Continuing the run-down of the Box of Delights top 100 solo games, let’s look at #80-71. These are getting real good !
BOX OF DELIGHTS TOP 100 SOLO BOARD GAMES
80. Lord of the Rings (Fantasy Flight Games)
This game is something of a classic now, which sounds strange to say for an old fella like me, because it was first published in 2000. So not only did that year see in a new century, it also saw a new phenomenon in board gaming as one of the first popular co-operative games. Since then, co-ops have become a strong staple for soloists, since most (excepting those with traitor mechanics or hidden information) translate well to a solitaire experience. This game is card-driven, and victory can be achieved by playing your cards at the right time, choosing the right path for Frodo and his companions as they journey to Mount Doom. This one tells a wonderful, though familiar, story and the climax to the game is so sweetly designed (it is Knizia after all) that it never fails to disappoint. A great gate-way to introduce new players to the co-op phenom, this is a solid choice to have in anyone’s collection.
79. Onirim (Z-Man Games)
If you’re a solo gamer then you surely can’t have failed to hear about Onirim. It’s a small deck of cards with various ways to play (expansions add more variety) and you’ll be wanting to play ‘just one more time‘ trying to win. In Klondike fashion you are somewhat at the mercy of the card order, but as you try to collect sets of cards and play them in a timely order, you’ll get the feeling you can still pull out a win all the way down to the last card. The artwork is very easy on the eye, with its dreamlike quality. There is a simple elegance in its design and you’ll find the challenge both frustrating and joyful… The game has follow-up designs in Urbion and Sylvion, which I have yet to try, with the similar dream-like artwork and the same 1-2 player count.
If I say, “Crystal Maze”, you may know what I mean and then you’ll know how I’m describing this game. It’s subtitle is “Run, Survive, Escape“. You’ll be looking to escape from maze of rooms, some of which will trap you, kill you, or in some way hinder your progress. You will need to control many characters to play solo, and this can be a bit fiddly, but it still deserves its spot on the list due to the originality in theme and design. I am hoping to get hold of the expansion, Season-2, as this will spice up solo play tonnes. It’s still a solid game with just the base set, but you may not play too frequently in order to keep it fresh when you do. You WILL need a good memory when playing solitaire, so if this doesn’t float your boat then you may want to try a different room….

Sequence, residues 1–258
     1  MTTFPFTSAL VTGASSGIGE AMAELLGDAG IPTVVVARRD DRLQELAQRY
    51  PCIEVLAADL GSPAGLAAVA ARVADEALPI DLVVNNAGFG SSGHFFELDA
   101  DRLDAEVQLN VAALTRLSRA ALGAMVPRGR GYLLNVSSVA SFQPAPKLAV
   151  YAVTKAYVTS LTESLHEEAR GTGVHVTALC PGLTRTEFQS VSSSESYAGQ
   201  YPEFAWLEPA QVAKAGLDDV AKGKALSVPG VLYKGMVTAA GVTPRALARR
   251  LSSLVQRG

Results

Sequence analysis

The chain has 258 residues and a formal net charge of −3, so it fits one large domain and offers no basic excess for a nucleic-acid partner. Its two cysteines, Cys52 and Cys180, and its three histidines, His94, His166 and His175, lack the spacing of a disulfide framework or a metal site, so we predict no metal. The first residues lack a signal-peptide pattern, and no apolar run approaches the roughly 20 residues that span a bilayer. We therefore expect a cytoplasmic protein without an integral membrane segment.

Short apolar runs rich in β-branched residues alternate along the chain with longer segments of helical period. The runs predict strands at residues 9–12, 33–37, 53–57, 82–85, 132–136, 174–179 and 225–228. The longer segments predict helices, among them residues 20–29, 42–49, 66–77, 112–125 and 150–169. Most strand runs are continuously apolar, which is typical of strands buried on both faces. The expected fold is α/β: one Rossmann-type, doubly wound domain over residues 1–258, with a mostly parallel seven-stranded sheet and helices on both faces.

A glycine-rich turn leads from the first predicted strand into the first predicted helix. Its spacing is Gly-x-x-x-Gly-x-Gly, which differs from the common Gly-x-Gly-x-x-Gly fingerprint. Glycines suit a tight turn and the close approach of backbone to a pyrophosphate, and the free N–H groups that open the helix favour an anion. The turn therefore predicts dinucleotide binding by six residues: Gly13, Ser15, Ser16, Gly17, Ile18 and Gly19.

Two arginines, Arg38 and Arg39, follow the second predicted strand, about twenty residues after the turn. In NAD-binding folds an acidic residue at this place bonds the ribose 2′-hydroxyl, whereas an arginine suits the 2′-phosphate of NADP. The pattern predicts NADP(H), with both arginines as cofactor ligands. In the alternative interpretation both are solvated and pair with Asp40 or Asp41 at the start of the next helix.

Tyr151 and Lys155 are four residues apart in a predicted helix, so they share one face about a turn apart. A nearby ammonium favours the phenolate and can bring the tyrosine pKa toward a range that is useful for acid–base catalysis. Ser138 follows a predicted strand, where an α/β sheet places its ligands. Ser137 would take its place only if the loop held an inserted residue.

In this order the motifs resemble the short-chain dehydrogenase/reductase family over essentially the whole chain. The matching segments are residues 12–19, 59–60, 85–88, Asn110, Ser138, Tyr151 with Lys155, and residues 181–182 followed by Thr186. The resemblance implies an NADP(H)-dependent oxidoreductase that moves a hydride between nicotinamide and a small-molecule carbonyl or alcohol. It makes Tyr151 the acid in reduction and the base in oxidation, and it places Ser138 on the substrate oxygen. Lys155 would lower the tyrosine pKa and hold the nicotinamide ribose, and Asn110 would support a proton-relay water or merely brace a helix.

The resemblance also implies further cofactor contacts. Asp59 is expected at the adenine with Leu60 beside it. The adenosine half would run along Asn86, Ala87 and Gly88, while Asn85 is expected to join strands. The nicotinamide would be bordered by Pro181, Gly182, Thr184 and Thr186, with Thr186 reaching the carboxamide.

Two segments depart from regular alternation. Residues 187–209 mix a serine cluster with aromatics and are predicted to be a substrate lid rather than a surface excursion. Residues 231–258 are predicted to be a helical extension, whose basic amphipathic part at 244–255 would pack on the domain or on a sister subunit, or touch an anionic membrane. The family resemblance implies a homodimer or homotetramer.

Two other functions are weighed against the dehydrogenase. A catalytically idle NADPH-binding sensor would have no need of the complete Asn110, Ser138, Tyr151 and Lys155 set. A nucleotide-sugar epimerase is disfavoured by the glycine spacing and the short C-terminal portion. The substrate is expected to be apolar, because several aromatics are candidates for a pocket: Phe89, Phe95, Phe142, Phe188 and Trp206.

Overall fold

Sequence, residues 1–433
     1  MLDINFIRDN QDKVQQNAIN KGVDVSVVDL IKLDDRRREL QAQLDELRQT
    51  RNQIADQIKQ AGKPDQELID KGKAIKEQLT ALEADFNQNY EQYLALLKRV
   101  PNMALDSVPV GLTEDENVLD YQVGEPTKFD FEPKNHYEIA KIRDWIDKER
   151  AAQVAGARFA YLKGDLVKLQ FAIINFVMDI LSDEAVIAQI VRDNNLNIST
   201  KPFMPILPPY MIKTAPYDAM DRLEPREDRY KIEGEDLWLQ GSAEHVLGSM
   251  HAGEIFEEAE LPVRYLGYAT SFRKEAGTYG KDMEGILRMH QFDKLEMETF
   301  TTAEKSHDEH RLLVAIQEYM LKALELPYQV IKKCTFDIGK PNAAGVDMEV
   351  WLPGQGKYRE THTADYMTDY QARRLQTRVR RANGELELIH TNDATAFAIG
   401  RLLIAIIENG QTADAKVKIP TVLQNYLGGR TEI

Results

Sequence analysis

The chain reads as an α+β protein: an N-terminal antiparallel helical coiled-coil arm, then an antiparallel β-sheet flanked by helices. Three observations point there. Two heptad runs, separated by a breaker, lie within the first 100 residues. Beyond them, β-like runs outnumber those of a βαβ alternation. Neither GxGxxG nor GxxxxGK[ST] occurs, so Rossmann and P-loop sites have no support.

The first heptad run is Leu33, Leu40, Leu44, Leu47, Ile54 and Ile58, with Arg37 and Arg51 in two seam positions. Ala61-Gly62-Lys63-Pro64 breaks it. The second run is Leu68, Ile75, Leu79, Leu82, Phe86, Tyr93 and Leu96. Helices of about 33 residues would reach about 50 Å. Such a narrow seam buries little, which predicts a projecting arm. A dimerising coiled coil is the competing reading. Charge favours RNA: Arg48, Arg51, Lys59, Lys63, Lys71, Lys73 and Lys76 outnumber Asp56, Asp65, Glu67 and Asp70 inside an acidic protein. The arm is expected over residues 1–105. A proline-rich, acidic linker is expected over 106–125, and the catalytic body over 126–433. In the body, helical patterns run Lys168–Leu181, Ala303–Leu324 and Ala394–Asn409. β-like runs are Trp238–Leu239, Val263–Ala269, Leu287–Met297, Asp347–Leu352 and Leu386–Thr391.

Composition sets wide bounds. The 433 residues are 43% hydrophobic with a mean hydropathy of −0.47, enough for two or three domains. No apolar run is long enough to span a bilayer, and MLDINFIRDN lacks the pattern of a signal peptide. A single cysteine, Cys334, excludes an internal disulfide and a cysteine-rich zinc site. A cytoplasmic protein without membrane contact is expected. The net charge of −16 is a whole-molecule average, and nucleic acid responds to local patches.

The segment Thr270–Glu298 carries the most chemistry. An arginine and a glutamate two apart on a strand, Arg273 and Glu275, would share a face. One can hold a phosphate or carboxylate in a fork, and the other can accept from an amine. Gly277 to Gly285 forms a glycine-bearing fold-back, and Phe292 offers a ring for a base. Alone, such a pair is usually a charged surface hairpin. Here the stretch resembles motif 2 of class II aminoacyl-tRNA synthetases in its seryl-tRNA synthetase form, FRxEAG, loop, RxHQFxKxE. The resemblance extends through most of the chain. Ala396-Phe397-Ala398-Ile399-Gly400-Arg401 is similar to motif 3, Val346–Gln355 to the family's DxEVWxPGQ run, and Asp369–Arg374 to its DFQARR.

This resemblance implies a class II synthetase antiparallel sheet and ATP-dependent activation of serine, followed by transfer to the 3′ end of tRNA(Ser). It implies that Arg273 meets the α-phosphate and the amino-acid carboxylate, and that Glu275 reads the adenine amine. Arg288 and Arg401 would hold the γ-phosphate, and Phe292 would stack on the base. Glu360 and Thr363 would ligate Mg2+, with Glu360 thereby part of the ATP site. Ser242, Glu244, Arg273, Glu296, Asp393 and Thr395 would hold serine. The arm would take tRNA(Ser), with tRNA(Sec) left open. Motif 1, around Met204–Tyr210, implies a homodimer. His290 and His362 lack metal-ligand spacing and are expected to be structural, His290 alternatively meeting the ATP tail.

Renaissance Man took me a little by surprise. What’s good about its solitaire variant is that it plays so similarly to the multi-player game, making it a real good way to hone your skills. And it offers a good level of challenge. As with many of these types of solitaire card games, they have their roots in Klondike-type play, where you are governed a lot by the draw of the cards and how you choose to lay one upon another. This time you are trying to build a pyramid, with rules dictating which card can be laid upon another, and your options get more and more restricted as you head up the pyramid and it gets narrower and narrower. What sets RM apart, claiming such a high spot for this type of game, is that it gives you a diverse set of supporting mechanisms to let you mitigate the draw, grab some supporting cards when you can, deconstruct the pyramid and change tac part-way through, and it gives you a control over your strategy by allowing you to plan ahead and build the pyramid how you wish it it go. Yes, there’s real strategy here!